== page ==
The TRO follows the filing of a Complaint on August 7, 2013, by the San Luis & Delta-Mendota Water Authority and Westlands Water District (“Plaintiffs”) challenging the Reclamation’s decision to make Trinity River storage releases above and beyond the existing 453,000 acre-feet of releases dedicated to fall-run Chinook salmon fishery restoration and maintenance in 2013.
Reclamation had described the additional 109,000 acre-feet of excess releases as needed for fall-run Chinook salmon located below the confluence of the Trinity River and Klamath River (i.e., lower Klamath River). The TRO cites the Complaint's argument that a year 2000 federal Record of Decision already dedicates 453,000 acre-feet of CVP water from Trinity Reservoir for restoration and maintenance of fall-run Chinook salmon this year, and that Reclamation could have used that water to provide the late summer flows at issue in the litigation. The TRO also cites the Complaint's argument that Reclamation decided to make the excess late summer CVP storage release without analyzing and disclosing resulting impacts to CVP water users under the National Environmental Policy Act.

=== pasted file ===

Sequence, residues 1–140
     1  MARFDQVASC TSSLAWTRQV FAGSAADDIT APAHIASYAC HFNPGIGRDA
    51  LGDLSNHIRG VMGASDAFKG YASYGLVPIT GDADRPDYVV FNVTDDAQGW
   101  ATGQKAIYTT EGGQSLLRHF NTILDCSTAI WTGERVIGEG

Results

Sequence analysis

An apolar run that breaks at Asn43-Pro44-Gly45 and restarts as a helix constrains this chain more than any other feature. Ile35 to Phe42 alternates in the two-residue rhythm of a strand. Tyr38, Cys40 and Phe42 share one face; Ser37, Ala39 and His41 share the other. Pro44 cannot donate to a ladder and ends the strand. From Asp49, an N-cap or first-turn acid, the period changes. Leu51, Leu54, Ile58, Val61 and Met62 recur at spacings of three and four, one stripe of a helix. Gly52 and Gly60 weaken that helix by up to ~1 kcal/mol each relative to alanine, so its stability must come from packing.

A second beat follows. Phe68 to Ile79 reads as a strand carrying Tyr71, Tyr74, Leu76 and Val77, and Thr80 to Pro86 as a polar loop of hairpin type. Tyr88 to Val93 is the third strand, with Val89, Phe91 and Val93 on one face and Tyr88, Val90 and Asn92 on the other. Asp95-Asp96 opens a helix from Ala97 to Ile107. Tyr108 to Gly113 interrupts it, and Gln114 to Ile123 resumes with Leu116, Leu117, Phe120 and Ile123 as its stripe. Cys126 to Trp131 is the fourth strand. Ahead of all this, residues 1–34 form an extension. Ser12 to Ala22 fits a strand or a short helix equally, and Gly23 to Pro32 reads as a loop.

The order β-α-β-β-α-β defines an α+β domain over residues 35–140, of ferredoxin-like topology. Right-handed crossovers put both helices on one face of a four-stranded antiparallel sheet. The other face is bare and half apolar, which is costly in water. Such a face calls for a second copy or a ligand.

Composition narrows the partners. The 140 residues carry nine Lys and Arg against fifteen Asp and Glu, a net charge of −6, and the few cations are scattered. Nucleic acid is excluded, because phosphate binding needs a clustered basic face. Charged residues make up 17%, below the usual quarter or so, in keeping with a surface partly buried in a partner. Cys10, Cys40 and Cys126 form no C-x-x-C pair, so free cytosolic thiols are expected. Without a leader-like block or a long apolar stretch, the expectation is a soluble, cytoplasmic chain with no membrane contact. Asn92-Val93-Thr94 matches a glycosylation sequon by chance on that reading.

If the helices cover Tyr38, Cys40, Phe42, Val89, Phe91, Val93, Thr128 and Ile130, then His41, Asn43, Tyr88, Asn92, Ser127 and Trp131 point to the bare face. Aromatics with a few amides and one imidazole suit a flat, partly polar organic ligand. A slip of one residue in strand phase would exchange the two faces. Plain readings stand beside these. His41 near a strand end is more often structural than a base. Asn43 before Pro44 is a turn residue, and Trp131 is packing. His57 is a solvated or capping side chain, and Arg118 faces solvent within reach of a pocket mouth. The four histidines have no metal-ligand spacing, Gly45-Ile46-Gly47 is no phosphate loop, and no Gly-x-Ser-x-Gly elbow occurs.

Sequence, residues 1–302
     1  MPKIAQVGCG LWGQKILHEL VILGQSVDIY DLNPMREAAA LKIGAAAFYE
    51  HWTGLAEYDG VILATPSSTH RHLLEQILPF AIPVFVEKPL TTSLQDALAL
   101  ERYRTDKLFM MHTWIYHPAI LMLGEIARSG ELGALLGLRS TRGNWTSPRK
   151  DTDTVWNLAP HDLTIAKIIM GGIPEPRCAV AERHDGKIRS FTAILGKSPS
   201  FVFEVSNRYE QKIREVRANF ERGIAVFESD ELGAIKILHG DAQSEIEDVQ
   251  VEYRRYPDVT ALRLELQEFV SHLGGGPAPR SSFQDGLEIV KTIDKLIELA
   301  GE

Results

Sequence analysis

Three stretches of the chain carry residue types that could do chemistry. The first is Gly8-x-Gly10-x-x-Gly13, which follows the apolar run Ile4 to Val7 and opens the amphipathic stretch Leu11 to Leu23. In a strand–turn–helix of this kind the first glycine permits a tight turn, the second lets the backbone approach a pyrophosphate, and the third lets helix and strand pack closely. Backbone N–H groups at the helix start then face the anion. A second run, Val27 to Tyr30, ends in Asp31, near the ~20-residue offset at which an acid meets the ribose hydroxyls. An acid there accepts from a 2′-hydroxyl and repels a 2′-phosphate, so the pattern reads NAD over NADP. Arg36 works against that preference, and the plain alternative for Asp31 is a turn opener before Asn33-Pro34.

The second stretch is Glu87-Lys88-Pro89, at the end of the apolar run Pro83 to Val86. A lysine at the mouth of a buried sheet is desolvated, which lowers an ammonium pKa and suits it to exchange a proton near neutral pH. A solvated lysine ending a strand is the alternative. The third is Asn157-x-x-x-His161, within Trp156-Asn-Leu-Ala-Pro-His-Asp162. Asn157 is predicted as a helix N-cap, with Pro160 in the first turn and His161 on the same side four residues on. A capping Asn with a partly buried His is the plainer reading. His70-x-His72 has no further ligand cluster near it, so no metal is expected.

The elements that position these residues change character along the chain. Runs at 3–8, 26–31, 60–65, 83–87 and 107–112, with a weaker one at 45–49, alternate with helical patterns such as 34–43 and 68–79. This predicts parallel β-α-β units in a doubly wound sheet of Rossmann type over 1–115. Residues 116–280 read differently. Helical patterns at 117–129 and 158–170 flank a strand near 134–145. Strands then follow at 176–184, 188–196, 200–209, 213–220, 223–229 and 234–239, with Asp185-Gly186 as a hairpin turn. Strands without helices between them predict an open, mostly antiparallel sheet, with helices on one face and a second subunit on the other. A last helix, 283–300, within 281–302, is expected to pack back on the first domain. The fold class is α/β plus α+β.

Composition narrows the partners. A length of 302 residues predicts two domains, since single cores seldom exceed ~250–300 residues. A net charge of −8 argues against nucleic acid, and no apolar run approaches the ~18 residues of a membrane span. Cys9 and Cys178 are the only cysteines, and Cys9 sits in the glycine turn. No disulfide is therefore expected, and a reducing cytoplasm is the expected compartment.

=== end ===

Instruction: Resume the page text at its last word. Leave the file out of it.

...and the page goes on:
The TRO enjoins Reclamation “from making releases from Lewiston Dam to the Trinity River in excess of 450 cubic feet per second (‘cfs’) for fishery purposes through and including August 16, 2013.” The short duration of the restraining order is designed to allow Plaintiffs to file reply papers and will afford the court an opportunity to perform a more detailed analysis of the issues.
The TRO was issued despite opposition by federal defendants and defendant-intervenors (Hoopa Valley Tribe, Pacific Coast Federation of Fishermen’s Associations, and Institute for Fisheries Resources).